You may have been avoiding the world of credit because you don’t want one more thing to worry about. But it doesn’t have to be complicated. Taking these baby steps can help you build a good credit score.
Know where you stand
You may be surprised to know you already have a credit score or that you have items listed on your credit reports, like student loans or an auto loan.
Check your score: Many apps, websites and banks offer free credit scores. A credit score is a three-digit number based on how you’ve handled borrowed money in the past. Where you fall on the basic 300-850 scoring range will determine how easily you can get credit.
Check your credit reports: These data files hold your track record with borrowed money, and they’re used to calculate your score. Three major credit bureaus gather that data, Equifax, Experian and TransUnion. You can request one free annual credit report from each, says Christine Centeno, a certified financial planner at Simplicity Wealth Management near Richmond, Virginia.
Pick a starter credit product
Once you know where you stand, look for a card or loan that’s easier to qualify for when you’re new to credit.
Secured credit card: Secured credit cards require an upfront security deposit, typically a few hundred dollars. The deposit also acts as your credit limit. You don’t need to charge much to the card; use it to show responsible credit behavior by paying on time and in full each month.
“Start paying one-time and recurring bills with your newly obtained secured card — think Netflix or a cup of coffee,” Centeno says. Making small charges on the card ensures you do not use up a lot of your available credit. A big part of your credit score is based on how much of your credit limit you use on any card; experts say to use less than 30%, and less is even better.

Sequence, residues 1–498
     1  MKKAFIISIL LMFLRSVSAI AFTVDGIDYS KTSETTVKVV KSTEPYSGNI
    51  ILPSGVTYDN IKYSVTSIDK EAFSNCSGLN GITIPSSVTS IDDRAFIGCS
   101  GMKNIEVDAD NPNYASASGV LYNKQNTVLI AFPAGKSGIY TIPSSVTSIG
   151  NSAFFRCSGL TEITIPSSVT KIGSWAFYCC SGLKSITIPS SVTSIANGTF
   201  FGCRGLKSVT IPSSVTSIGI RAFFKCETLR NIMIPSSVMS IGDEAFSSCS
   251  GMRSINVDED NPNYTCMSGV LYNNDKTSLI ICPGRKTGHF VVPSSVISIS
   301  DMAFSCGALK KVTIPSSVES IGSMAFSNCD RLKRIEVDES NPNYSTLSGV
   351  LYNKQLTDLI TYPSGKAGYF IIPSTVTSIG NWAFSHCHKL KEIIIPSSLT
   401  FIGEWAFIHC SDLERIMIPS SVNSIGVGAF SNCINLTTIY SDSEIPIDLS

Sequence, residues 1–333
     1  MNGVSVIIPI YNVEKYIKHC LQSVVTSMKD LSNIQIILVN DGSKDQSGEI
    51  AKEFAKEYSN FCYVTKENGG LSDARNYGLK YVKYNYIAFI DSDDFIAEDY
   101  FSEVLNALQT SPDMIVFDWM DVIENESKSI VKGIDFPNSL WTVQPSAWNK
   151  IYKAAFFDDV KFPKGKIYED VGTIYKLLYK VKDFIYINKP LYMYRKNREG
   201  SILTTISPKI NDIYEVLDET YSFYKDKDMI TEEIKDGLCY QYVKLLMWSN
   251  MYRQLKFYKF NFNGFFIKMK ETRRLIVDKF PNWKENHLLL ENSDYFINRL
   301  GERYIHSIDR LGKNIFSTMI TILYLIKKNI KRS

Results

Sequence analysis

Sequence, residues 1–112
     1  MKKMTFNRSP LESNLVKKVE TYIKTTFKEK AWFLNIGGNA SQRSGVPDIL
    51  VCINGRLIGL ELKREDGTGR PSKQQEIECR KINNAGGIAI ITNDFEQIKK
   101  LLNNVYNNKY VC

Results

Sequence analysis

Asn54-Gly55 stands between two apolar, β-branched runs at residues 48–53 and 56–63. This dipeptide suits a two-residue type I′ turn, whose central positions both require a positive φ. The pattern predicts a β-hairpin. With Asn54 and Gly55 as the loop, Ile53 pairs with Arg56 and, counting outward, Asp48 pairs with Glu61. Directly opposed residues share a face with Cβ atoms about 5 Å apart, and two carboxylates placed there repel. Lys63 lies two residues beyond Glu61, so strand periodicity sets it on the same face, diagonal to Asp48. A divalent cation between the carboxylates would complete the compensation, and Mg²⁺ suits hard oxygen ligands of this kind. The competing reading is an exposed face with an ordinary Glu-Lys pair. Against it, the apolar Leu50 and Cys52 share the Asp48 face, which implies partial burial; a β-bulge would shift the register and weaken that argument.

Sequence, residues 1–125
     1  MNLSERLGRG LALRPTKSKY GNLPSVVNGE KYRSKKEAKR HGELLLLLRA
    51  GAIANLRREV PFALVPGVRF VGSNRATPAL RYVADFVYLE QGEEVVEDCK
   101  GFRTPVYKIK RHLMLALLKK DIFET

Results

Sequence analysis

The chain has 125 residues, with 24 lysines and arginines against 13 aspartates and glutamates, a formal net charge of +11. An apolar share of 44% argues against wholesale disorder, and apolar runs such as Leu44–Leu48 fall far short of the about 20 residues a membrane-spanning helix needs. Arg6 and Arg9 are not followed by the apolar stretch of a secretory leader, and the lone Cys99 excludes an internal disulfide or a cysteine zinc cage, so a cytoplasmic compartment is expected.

Retail cards: If you shop at a particular store often, consider applying for the in-house credit card. “Retail credit cards are normally pretty easy to get, but they come with high interest rates so it’s very important they are paid off every month,” says Heather Townsend, a certified financial planner at Townsend Financial in Scottsdale, Arizona. Also, the credit limits tend to be low, so remember the guideline not to use more than 30%.
Credit-builder loan: As its name suggests, this loan — typically offered by credit unions — is designed to help you build credit. You apply for a loan, but the money is deposited into a savings account that you can’t touch until the loan is paid off.
The lender reports your monthly payments to the credit bureaus. Repay the loan as agreed and you kill two birds with one stone: build a credit history and get a lump sum of money at the end.
Beef up your credit history
Having more positive information on your credit reports can help you build credit.
Authorized user: If you have family members or friends with good credit, ask them to add you as an authorized user on a credit card. Check that the issuer reports authorized user accounts to the credit bureaus. This adds their long credit history to your credit reports, which can help your score, but you are not responsible for making payments.
There’s no rule of thumb for when you should stop being an authorized user, Townsend says. If you are brand new to credit, she suggests staying on as a user for at least five years, assuming you also manage other credit or loans responsibly in that time.
Rent reporting: “Ask your landlord if they report your payments to credit bureaus,” says Eric Roberge, a certified financial planner and founder of Beyond Your Hammock in Boston.
Many landlords do not, so Roberge suggests using rent-reporting services, which charge a fee to report your rent payments to the credit bureaus.
Keep it simple
Pick a credit-building tool and stick to good habits: pay on time and keep balances low.
“Don’t feel like you have to take out a lot of new credit at once, or get different types of credit just for the sake of building your score,” Roberge says. “Using just one card will help you build a positive credit history without overwhelming you.”